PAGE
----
Jewish leaders weighed in to the controversy claiming that Livingstone’s resignation left the door open for his return to the party in the future. But Labour’s NEC said the case for his suspension and possible expulsion would be reopened if he were to reapply for membership. No doubt satisfied that the pressure they had applied on Jeremy Corbyn to expel Livingstone had borne fruit, albeit through resignation, they nevertheless criticised Corbyn for his response that he was “sad to see him go.” We get the feeling that Corbyn’s critics within and without the party do not see Livingstone’s resignation as the end of the matter.
While individual parliamentary supporters of LFI attacked Livingstone for his alleged antisemitic remarks and called for his expulsion from the party, the LFI’s website adopted a less condemnatory attitude to Israel’s military. In a tweet of 14 May, commenting on the killing by Israeli snipers of dozens of Palestinians and more than 1,000 injured, LFI heaped the blame entirely on Hamas. The tweet, which was removed the next day following widespread criticism and replaced by a more circumspect version, read: “Tragic events on the Gazan border; all civilian lives regrettable. Hamas must accept responsibility for these events. Their successful attempt to hijack peaceful protest as cover to attack Israeli border communities must be condemned by all who seek peace in the Middle East.” Just two parliamentary supporters, Catherine West and Tulip Siddiq, resigned from LFI on reading the tweet.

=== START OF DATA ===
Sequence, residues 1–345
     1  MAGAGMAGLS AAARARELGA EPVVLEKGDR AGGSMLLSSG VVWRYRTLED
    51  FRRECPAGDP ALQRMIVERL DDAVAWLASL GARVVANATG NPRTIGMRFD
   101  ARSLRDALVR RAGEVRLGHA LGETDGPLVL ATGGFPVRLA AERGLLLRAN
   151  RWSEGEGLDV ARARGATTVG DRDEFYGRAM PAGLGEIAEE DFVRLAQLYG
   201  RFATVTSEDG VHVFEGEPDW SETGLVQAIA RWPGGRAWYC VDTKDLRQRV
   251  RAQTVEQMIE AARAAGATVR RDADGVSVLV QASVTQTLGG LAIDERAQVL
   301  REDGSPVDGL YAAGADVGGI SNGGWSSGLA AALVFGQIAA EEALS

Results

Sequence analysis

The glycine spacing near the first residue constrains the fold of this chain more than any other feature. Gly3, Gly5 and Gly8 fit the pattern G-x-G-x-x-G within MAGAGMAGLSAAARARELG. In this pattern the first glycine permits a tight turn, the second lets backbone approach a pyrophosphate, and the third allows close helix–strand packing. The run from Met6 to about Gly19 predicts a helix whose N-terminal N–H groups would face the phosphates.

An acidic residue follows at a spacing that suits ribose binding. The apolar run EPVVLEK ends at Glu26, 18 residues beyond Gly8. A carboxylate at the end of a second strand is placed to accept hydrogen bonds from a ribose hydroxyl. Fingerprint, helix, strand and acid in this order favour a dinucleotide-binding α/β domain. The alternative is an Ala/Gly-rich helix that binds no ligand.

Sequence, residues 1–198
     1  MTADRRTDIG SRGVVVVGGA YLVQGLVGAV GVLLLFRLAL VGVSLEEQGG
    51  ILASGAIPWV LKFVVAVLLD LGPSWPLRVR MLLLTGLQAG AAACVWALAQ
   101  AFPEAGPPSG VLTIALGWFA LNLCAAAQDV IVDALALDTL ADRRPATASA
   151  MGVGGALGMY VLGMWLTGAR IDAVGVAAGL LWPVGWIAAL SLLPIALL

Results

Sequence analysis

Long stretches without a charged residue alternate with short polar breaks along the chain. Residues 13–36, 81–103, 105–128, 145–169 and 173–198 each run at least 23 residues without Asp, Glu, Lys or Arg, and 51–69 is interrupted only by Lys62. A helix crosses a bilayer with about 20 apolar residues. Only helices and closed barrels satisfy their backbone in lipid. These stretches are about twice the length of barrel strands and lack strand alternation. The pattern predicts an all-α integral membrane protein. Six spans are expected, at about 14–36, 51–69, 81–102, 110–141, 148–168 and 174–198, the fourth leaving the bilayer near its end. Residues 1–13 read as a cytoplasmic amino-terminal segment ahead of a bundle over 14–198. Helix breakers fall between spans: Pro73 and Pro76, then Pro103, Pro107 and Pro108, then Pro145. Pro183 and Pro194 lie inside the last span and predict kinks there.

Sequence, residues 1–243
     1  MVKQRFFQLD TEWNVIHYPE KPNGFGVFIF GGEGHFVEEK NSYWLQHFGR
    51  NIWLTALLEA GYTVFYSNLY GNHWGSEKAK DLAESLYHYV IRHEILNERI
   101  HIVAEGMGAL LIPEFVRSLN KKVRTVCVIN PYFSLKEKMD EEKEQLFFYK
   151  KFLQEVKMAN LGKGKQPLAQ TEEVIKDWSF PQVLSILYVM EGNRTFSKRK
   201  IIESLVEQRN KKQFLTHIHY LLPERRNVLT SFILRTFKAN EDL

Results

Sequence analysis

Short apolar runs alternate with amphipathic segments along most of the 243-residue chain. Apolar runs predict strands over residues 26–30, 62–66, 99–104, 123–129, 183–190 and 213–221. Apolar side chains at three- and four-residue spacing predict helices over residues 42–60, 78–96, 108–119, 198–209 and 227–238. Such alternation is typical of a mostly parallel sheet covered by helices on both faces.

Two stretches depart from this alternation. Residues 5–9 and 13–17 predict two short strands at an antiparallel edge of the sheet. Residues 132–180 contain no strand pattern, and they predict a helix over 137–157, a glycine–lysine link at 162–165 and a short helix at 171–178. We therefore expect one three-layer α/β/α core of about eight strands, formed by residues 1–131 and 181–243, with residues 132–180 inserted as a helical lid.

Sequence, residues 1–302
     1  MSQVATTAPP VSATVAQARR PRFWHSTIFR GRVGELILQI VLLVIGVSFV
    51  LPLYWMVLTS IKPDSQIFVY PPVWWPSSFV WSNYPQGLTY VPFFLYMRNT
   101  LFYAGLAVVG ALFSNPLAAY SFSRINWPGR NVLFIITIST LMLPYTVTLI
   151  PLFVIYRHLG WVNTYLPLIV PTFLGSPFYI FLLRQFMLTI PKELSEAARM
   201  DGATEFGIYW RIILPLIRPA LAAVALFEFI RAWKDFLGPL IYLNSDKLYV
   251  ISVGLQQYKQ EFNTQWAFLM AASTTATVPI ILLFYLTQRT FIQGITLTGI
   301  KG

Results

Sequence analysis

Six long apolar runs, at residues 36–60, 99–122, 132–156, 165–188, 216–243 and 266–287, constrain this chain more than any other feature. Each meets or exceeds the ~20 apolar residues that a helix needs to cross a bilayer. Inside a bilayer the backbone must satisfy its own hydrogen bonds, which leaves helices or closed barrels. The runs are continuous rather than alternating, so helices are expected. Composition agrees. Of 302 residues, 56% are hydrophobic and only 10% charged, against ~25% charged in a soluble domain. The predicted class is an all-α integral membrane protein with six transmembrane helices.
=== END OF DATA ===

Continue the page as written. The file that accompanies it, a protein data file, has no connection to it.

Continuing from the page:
For all their high-mindedness, claiming the moral high ground, none of Livingstone’s Labour critics can match his record as a politician. Over more than 35 years he was largely successful in changing the political climate within Labour and improving the lives of millions of Londoners. From his leadership of the Greater London Council (GLC) from 1981 to 1986, his tenure as Member of Parliament for Brent East from 1987 to 2001, to his two four-year terms as London Mayor from 2000 to 2008, his achievements were largely unparalleled in local and national politics.
Although it was ultimately unsuccessful, as GLC leader he introduced the popular Fares Fair Policy intended to cut transport costs for travellers within London and encourage greater use of public transport, which would hopefully relieve road congestion in the capital. It was challenged by the Tory-run Bromley Borough Council, on the south east fringe of London. With the support of the Court of Appeal the policy was reversed. Livingstone was also a vocal critic of Prime Minister Thatcher’s deeply unpopular Poll Tax, which he personally refused to pay, and her government’s indifference to increasing unemployment. Constantly irritated by his criticism she abolished London’s top tier of government in 1986.